Wednesday, December 27, 2006

Sabbath School Insights No. 13, Qtr 4-06

Special Insights No. 13

Fourth Quarter 2006 Adult Sabbath School Lessons

“Beginnings and Belongings”

(Produced by the Editorial Board of the 1888 Message Study Committee)

“The End of the Beginning”



Seldom does a 13-week series of Sabbath School Lessons offer such spiritual nourishment as the study of the first book of the Bible, Genesis. The closer the world church is to the reality of the second coming of Jesus, the more precious are these high-light lessons from Genesis:


(1) The truth of Creation vis-à-vis the loud cry message that lightens the earth with glory (chapters 1, 2). E. J. Waggoner offered a thoughtful comment: “An intelligent contemplation of God’s creation gives us a true conception of His power; for His eternal power and Godhead are understood by the things which He has made. ... It is faith that gives victory; therefore, since faith comes by learning the power of God, from His word and from the things that He has made, we gain the victory, to triumph through the works of His hands. The Sabbath, therefore, which is the memorial of creation, is, if properly observed, a source of the Christian’s greatest reinforcement in battle” (Christ and His Righteousness, pp. 36, 37; 1890 ed.). We have long known that the message of Revelation 18 will be God’s people presenting “the Sabbath more fully” (Early Writings, pp. 33, 85). Obviously, that is what God intended the 1888 message to accomplish for us. (As an extra bonus for the church today, this “more full” view of the Sabbath would also clear up the widespread confusion about the Godhead that threatens church unity. There is nothing but good news before the world church today as we ponder our divisiveness.)


(2) Abraham and the powerful lesson on the new covenant (chs. 12-22). The truths that shine so brightly in Genesis are the underpinning of Paul’s Romans and Galatians. God made seven magnificent promises to him and did not ask for any promise from him in return. All God wanted was for Abraham to receive, to believe, those promises; Jesus said he “rejoiced to see My day, and was glad” (John 8:56). The means that he understood, and his heart was moved, by the agape that was revealed on Christ’s cross.


The problems of the old covenant have distressed many because the 1888 truths of the new covenant have not been clearly appreciated. Waggoner’s The Glad Tidings and The Everlasting Covenant have lifted many burdens from the hearts of those who have discovered them.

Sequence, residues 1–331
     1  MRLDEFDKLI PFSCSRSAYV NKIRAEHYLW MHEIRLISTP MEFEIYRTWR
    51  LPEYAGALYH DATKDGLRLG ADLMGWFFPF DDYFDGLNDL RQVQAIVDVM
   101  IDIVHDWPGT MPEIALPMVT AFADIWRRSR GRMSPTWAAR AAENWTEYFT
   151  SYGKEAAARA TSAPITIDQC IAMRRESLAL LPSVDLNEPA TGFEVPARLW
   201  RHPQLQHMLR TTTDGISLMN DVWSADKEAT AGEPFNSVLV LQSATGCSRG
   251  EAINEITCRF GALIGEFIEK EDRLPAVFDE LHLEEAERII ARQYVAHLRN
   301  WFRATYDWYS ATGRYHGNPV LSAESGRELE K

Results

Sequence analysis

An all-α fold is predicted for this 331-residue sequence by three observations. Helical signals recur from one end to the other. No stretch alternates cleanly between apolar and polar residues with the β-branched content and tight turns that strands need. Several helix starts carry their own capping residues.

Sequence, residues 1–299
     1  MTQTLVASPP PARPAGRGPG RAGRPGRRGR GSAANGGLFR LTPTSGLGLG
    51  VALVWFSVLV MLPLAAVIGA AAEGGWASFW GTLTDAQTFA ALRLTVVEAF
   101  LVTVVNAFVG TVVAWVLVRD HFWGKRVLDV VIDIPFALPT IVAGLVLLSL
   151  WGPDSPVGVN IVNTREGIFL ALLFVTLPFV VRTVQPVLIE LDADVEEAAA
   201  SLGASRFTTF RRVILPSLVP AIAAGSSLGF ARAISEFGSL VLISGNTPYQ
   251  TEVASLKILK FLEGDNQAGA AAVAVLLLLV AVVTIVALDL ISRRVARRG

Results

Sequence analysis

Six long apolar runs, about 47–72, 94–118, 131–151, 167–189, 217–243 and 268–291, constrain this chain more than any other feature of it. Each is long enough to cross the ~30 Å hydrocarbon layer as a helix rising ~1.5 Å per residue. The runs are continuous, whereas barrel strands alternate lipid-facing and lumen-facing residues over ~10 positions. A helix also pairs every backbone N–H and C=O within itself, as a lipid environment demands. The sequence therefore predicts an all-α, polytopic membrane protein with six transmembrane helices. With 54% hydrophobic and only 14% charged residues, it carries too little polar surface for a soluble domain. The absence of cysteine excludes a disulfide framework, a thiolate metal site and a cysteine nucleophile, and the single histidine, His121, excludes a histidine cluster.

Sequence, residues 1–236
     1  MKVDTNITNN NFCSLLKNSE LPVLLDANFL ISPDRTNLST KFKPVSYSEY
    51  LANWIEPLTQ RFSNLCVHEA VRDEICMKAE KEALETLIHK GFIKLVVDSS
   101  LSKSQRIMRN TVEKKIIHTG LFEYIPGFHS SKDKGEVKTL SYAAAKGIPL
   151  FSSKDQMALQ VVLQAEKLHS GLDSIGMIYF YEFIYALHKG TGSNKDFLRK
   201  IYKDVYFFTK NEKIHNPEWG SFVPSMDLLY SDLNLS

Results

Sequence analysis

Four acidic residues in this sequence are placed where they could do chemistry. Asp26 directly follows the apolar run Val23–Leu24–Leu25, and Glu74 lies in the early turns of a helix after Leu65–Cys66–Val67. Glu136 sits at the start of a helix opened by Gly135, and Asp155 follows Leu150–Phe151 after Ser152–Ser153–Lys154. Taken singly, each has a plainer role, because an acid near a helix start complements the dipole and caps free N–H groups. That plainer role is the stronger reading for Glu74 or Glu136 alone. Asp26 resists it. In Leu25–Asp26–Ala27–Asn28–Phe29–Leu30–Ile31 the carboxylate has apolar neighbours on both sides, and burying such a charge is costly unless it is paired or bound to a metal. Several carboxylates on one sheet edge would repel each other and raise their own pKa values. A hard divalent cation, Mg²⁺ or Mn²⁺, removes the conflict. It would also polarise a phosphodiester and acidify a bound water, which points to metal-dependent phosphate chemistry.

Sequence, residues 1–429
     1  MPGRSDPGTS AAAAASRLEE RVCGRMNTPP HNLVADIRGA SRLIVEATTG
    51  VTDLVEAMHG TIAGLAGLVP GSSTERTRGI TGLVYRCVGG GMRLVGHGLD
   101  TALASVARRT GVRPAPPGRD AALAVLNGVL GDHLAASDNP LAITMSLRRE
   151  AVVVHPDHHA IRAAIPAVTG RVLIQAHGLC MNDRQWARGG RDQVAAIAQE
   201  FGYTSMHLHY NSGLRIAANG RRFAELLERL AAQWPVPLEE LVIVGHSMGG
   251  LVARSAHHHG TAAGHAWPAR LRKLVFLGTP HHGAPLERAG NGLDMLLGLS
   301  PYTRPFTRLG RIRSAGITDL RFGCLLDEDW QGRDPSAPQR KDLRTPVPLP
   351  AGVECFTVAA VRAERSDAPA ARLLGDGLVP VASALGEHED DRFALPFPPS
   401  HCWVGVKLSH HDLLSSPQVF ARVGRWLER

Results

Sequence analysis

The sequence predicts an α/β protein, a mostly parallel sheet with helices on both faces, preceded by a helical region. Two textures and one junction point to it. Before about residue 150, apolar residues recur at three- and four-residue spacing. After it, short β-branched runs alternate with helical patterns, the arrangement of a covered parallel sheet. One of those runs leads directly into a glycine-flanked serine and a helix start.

(1) The full life story of Jacob has been like holding a mirror up to our souls—we see ourselves in him. We have all been “Jacobs,” and preparing to lighten the earth with the glory of the final message will involve our metamorphosing into “Israels.” Each of us has our “night of wrestling.” Many of us have been greatly encouraged by our study of Jacob’s life and final victory. The story has a permanent and growing interest for everyone. It enriched this quarter’s study.


(2) The story of Joseph has been a special blessing from heaven. In many ways, he was a type of Christ. Again, we have seen ourselves in the ten brothers in their attitudes toward him; but again the story records the “overcoming” of almost all of them, reminding us that God’s dealings with us are always positive, that He might save us (the fact that not all the ten overcame is a sharp warning also to us!).


The 1888 message encourages us to “live” in the book of Genesis. The gospel was as full and complete in the time of Abraham as it will ever be, because Paul said that “God ... preached the gospel unto Abraham” (Gal. 3:8) and when God “preaches the gospel” let’s all be sure that He does a good job!


These stories stir the very deepest levels of our souls; we learn to pray as we have never prayed before. We “graduate” into Psalm 130: “out of the depths have I cried unto Thee, O Lord, ... If Thou, Lord, shouldest mark iniquities, O Lord, who shall stand?” Like Jacob wrestling in the darkness, we almost give up! And then we are more deeply humbled to realize what comes next: “But there is forgiveness with Thee, that Thou mayest be feared” (vss. 1-4, KJV).


Welcome to Jacob’s night of wrestling! It’s on the agenda of all who will remain faithful and true to the end. Although you “limp” as did Jacob forever after until the Lord comes and heals you, you will never be so at peace with God and with everyone else.

Robert J. Wieland


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